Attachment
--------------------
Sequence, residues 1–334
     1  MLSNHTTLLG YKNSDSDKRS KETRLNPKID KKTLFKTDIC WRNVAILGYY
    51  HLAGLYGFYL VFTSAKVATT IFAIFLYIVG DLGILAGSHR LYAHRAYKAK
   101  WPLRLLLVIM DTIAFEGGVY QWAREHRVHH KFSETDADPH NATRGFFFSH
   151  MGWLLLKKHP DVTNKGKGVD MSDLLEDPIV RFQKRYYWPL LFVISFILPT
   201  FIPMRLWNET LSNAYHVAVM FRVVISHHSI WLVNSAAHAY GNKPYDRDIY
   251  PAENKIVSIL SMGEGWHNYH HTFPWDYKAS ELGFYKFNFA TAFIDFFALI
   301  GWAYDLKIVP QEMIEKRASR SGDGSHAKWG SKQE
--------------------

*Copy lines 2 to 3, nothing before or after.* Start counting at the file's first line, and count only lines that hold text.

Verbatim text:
     1  MLSNHTTLLG YKNSDSDKRS KETRLNPKID KKTLFKTDIC WRNVAILGYY
    51  HLAGLYGFYL VFTSAKVATT IFAIFLYIVG DLGILAGSHR LYAHRAYKAK